At least a dozen other strong arguments from the academic literature could be advanced--for example, ethnic and religious minority regions, religious traditions, cultural patterns, distribution of property ownership, anti-liberal legal traditions--showing that a liberal regime will not emerge soon, not even in decades, in Iraq. At the same time, I cannot find any scholarly literature that offers strong reasons to reach the contrary conclusion.
No matter what kind of regime emerges in Iraq, it will be anti-American, and it will be deeply hostile to Western constitutionalism.
Implications of the Status Quo
The implications of continuing the fight in Iraq can be divided into those within the country, within the region and, finally, globally.
In Iraq: U.S. military forces may exhaust the remnants of the Ba'ath but that will not overcome Shi'a groups like Moqtada Sadr's militia. Shi'a can count on support from Iran because that country will take great pleasure in seeing American blood flow in Iraq. Sunni groups may also receive outside aid from supporters in Syria for similar reasons. Al-Qaeda and other terror organizations are reportedly in Iraq (although I have seen no fully confirmed evidence of the scale and size). At some point, the Kurds may declare an independent state. That, in turn, may bring direct Turkish military intervention.
Even if U.S. forces have periodic successes at various stages in the progression of a widening conflict, that will hardly guarantee eventual overall success. Why? Any Iraqi leader who can rule the whole country will also have to be anti-American. And he will have to claim that he has liberated the country from American invaders.
In the region: So-called moderate Arab leaders are deeply conflicted. On the one hand, most of them are glad to see Saddam defeated. On the other hand, their own youth are being radicalized. We should not exaggerate what the so-called "Arab street" will do, but we should worry about where Arab oil money will end up and to what purposes it will be put.
Looking back to (relatively) more stable times in this region, we note that they were based on the United States having a firm foot in all camps--Israeli, Persian and Arab. When the Shah of Iran fell, the United States lost its footing in the Persian camp. To restore the balance required larger U.S. military force projection capabilities. That prompted the creation of the rapid deployment force and the Central Command in 1979â€"81. The invasion of Iraq and the strong tilt to Sharon's side in Israel endangers U.S. footing in the Arab camp. If it is lost, the resulting imbalance will require huge military power: Far greater land forces than the United States now possesses.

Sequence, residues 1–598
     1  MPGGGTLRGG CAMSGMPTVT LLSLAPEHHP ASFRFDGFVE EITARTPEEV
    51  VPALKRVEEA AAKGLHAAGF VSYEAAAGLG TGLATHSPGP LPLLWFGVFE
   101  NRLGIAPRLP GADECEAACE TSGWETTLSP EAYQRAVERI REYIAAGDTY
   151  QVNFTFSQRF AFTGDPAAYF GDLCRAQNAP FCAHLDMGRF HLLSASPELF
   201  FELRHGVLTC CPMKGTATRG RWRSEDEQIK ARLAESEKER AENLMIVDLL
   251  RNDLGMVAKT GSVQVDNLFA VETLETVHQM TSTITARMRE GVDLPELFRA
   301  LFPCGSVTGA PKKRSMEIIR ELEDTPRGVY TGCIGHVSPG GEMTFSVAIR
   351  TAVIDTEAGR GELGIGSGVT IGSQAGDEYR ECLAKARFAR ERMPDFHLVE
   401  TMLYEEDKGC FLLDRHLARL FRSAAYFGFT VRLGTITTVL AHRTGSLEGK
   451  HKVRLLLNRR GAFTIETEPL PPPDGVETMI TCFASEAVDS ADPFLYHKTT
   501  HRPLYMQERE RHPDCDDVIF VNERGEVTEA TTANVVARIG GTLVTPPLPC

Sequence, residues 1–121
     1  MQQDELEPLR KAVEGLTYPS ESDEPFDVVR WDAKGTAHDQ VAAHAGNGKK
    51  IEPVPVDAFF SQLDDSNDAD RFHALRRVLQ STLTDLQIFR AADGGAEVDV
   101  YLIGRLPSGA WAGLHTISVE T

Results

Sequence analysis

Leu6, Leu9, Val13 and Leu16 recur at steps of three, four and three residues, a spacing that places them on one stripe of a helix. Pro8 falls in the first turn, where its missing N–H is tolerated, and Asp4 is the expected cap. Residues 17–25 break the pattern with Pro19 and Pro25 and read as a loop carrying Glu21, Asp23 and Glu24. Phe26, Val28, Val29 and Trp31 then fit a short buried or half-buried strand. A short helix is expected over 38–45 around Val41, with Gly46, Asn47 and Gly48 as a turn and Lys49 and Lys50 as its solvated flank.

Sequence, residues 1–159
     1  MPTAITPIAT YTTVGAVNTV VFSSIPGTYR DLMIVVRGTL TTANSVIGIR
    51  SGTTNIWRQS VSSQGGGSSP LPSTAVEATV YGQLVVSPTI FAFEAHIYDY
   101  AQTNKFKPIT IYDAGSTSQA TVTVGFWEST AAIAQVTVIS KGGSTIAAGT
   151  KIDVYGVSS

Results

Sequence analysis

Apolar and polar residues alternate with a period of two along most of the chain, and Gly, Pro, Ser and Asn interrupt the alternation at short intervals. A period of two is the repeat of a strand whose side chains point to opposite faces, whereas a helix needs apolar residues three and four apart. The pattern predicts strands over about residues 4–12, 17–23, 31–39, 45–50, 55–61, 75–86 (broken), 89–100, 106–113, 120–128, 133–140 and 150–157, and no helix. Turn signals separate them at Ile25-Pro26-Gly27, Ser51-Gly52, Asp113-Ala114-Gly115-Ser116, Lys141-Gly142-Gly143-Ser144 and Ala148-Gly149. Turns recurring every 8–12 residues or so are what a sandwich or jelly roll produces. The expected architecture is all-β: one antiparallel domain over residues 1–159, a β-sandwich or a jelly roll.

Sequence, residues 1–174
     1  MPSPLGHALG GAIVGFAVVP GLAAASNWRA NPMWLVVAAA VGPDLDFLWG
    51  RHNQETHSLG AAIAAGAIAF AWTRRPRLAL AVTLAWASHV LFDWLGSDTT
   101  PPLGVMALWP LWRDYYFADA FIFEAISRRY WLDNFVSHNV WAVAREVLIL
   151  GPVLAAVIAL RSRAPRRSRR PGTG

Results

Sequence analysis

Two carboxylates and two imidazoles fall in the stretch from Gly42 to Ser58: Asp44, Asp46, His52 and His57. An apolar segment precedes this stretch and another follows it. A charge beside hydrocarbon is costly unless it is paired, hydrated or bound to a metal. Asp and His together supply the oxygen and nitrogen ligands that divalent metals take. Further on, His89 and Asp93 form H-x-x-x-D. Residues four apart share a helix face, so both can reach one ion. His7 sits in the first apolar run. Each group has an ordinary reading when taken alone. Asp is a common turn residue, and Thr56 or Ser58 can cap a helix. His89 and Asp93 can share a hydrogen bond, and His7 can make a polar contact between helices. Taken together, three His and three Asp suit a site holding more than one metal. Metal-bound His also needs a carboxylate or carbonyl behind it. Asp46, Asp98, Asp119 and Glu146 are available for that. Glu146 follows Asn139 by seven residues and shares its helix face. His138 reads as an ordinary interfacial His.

These trends have so weakened the U.S. position in the region that it no longer makes sense to stay on the present course. Abandoning Iraq and accepting the consequences is the obvious way to slow the trends--if not to reverse them outright. Moreover, a U.S. pullout might galvanize the moderate Arab regimes themselves to try to control events within Iraq.
Critics will warn of all the untoward implications of withdrawing. Civil war in Iraq, the breakup of the country into three smaller ones, Iraq becoming a base for terrorist groups and others. All of these things may happen, but most of them will occur even if U.S. forces remain. It has become an "internal war", one the United States cannot win without destroying something like 20 percent of the population and imposing a ruthless U.S.-run regime in Baghdad. Failure to recognize that the nature of the war has been transformed will lead to a much larger defeat for the United States in the longer run.
In the global context: The U.S. unilateral initiation of the war in Iraq has come close to breaking the Atlantic Alliance. Gaining an Iraq of any form is not worth losing Europe. If the United States is to maintain some kind of regional stability in the Middle East and Southwest Asia, it cannot do it alone. American power depends on collaborative efforts with the informal members of its empire. In total, it produces roughly 70 percent of the world's gross product, and its collective military budgets are 66 percent of the world's total. President Bush's unilateralism has denied us the military support of almost half of the 66 percent, not to mention the political and moral support from most of America's allies. Moreover, this and previous administrations have maintained an overly large maritime military force structure and dangerously small land force structure. Aircraft carriers and submarines do not help in Iraq. At present, the U.S. Army is so over-stretched that its tactical vulnerabilities are worrisome. In the course of the next six months, they will become strategic vulnerabilities unless fresh units in twice the present number are deployed there. Since that is not possible in the time available, we must address this reality openly, not hidden by sleight-of-hand rotation schemes for troops to Iraq or pretty much anywhere else.Essay Types: Essay